Davenport Poetry Prize Deadline April 2

The Davenport Poetry Prize Deadline is 4 p.m. on April 2.

Submission Criteria:

1) entrants must be in “good standing” but need not be English majors or enrolled in an English course; students who completed coursework on campus during the 2019-20 school year, but have not yet commenced and are not currently enrolled are eligible to submit, provided they will be commencing from Knox in June; 

2) submitted manuscripts should include three poems; only one manuscript submission per student is allowed (our judge reserves the right to select prize winners based on a single poem or on the manuscript as a whole); 

3) submitted poems need not be written especially for the contest, but poems cannot have been previously published off-campus (note that publication on-campus does not exclude a poem from entry); no poem that has received a prize in a Knox contest may be submitted to any subsequent contest, although a rejected manuscript may be submitted a second time; 

4) your submission must include a title page or cover sheet with the author’s name, complete contact information, and the title of each poem; please leave your name off subsequent pages;

5) only original work by the contestant may be entered (translations are not eligible);

6) all entries must be submitted via email to emarzoni@knox.edu no later than Thursday, April 2, by 4:00 p.m. Please attach your manuscript as a pdf (and please do not share on the drive).

If you have questions about the submission guidelines, contact emarzoni@knox.edu. (Cash prizes are determined by the English Department, in consultation with the judge’s recommendations for awards. As well, the prize-winning manuscripts each year will be retained by the College and may be published on the English Department’s website.) This year’s judge is John McCarthy. For more details, click here. Prizewinners will be announced at McCarthy’s Caxton reading on April 24 at 4 p.m. at 306 E. Simmons.

Davenport Creative Nonfiction Prize Deadline March 4

SUBMISSION CRITERIA: 
1) entrants must be in “good standing” but need not be English majors or enrolled in an English course; students who completed coursework on campus during the 2019-20 school year, but have not yet commenced and are not currently enrolled are eligible to submit, provided they will be commencing from Knox in June;

2) only one essay per author is allowed;

3) submitted essays need not be written especially for the contest, but cannot have been previously published off campus (note that publication on-campus does not exclude an essay from entry); no piece that has received a prize in a Knox contest may be submitted to any subsequent contest, although a rejected manuscript may be submitted a second time;

4) each submission must include a title page or cover sheet with the author’s name and complete contact information, as well as the title of the essay; please leave your name off subsequent pages;

5) each submission should be double-spaced and paginated;

6) each submitted manuscript is limited to 10,000 words;

7) only original work by the contestant may be entered (translations are not eligible);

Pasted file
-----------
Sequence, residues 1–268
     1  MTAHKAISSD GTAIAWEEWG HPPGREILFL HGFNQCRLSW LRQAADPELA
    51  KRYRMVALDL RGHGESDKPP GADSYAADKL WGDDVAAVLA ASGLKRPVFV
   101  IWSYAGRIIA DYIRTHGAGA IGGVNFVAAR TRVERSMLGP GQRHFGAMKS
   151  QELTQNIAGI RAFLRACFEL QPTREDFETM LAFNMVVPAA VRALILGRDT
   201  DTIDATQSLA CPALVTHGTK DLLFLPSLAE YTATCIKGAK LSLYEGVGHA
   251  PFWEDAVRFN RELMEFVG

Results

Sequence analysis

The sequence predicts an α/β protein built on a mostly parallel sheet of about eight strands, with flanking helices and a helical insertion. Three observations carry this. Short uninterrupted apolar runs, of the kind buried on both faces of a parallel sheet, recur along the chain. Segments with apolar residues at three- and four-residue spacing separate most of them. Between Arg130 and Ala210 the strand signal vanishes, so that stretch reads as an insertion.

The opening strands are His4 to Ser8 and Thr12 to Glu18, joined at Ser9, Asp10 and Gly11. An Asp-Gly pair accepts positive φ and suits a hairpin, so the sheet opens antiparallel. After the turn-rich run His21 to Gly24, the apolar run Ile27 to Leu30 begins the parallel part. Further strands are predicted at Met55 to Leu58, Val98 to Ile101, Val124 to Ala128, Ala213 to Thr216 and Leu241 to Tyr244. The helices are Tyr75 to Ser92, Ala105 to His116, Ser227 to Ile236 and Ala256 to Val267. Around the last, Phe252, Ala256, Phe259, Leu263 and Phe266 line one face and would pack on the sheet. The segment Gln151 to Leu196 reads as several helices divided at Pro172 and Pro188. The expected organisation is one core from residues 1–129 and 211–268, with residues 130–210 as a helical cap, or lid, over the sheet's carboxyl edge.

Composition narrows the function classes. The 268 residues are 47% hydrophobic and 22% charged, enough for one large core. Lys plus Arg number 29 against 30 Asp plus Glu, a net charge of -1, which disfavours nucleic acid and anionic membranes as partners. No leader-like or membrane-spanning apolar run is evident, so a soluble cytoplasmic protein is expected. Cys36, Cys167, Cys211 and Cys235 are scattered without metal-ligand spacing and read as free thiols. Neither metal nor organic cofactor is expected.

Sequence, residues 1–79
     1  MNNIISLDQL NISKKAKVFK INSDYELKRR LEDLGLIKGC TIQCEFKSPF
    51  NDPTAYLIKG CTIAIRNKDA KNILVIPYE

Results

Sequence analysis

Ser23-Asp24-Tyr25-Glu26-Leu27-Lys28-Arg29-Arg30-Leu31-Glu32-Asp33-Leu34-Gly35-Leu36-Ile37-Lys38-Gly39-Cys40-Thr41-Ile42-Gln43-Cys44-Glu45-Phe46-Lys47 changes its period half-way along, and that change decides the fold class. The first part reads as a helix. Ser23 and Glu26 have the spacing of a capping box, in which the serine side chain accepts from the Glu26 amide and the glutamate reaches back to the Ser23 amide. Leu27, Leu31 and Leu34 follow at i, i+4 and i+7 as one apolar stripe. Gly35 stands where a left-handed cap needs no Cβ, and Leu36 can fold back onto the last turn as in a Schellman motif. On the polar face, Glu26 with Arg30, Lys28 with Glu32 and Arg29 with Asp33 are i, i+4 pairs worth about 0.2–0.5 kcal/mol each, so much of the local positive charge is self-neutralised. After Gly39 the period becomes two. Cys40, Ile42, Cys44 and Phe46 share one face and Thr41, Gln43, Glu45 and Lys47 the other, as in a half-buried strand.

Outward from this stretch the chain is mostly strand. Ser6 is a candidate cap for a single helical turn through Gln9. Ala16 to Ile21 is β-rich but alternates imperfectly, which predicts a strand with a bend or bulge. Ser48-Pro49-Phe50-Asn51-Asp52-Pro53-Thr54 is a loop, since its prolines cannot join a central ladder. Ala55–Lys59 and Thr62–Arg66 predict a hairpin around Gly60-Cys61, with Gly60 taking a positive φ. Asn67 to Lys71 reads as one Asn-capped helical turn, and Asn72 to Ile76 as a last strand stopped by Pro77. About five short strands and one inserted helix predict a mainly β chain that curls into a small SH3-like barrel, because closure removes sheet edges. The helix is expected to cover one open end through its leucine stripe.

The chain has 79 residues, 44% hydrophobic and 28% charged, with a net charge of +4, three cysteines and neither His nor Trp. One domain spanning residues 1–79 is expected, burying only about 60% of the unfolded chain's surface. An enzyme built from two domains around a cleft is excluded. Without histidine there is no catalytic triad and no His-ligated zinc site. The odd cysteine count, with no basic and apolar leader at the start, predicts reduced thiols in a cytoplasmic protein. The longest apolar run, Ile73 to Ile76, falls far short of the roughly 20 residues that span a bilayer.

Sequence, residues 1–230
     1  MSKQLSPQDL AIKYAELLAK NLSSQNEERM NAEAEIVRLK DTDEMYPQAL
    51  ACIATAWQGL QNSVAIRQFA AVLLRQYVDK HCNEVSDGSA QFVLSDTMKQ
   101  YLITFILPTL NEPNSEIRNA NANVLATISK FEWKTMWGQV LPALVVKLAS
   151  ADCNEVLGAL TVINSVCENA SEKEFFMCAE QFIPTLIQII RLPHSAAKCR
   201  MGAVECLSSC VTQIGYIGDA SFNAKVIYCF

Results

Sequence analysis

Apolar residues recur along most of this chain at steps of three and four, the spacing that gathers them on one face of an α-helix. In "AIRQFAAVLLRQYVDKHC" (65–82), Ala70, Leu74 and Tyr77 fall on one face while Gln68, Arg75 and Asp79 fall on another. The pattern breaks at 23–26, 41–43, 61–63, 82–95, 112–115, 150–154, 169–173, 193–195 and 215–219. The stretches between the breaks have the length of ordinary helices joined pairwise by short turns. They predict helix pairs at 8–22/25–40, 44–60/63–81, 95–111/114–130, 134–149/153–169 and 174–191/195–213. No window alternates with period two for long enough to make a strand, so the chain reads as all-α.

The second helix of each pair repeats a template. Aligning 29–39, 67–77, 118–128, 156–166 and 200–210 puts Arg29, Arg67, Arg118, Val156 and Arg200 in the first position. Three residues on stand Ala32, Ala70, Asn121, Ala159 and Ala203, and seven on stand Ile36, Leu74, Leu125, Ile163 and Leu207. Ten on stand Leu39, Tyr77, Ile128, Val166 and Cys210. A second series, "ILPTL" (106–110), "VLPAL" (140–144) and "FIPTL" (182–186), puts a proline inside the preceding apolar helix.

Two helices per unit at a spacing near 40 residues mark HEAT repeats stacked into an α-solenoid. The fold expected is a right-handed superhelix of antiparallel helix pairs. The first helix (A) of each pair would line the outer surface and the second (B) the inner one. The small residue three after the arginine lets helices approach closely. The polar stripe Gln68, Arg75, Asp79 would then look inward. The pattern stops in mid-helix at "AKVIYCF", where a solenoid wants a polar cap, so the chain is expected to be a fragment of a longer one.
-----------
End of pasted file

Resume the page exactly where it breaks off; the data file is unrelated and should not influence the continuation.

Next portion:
8) all entries must be submitted to mberlin@knox.edu via attached pdfs in email (please do not share on the drive) no later than Wednesday, March 4, by 4:00 p.m. 

If you have questions about the submission guidelines, contact mberlin@knox.edu. (Cash prizes are determined by the English Department, in consultation with the judge’s recommendations for awards. As well, the prize-winning manuscripts each year will be retained by the college and may be published on the English Department’s website.) This year’s judge is Sheryl St. Germain. For more details, click here. Prizewinner will be announced at St. Germain’s Caxton reading on April 3 at 4 p.m.

Students: Submit to the Nick Adams Short Story Contest

The English Department invites entries for the The NICK ADAMS SHORT STORY CONTEST 2020 (an annual contest sponsored by the ACM and dating back to 1973).

Submission Criteria:

1. Entrants must be enrolled students in good standing at Knox but need not be English majors or enrolled in an English course.

2. Submissions are limited to one story per author.

3. Submitted stories need not be written especially for the contest, but stories cannot have been previously published off campus. (Note: publication in an on-campus journal or winning an on-campus prize does not exclude a story from entry.)

4. Entries must be double-spaced and paginated. Each submission must also include, as part of the same document, a title page with the author’s name, complete contact information, and the title of the story. Do not include your name in headers/footers on the story proper. 

5. Please save file as YourName.doc or YourName.docx, and submit as an attachment to clfitch@knox.edu. Do not share the file on Google Drive. 

6. Each submitted manuscript is limited to 10,000 words.  

Deadline:

Entries must be received electronically (.doc or .docx only to clfitch@knox.edu) by Friday, January 17th by 4 o’clock.

For more information on the history of the contest, and to read about this year’s judge, Scott Turow, see the ACM’s website.

Please direct questions to Professor Cyn Kitchen Fitch (clfitch@knox.edu).

2019 Physics Prize Problem

The 2019 Physics Prize Problem is out!  The Physics Prize Problem is funded by Carroll Porter, ’32 and in memory of Edgar L Andreas ’69, and is awarded annually for the best solution to a complex physical problem.  This year’s mind-boggling physics problem concerns the oscillations of a teeter-totter. 

Check out a detailed statement of the problem, posted around SMC or available at http://course.knox.edu/physics130.  Any Knox student may submit a solution.  Turn in your solution to Prof. Tom Moses, D116 SMC, by 4 p.m. on April 29 and win a place in Knox history (and a cash prize).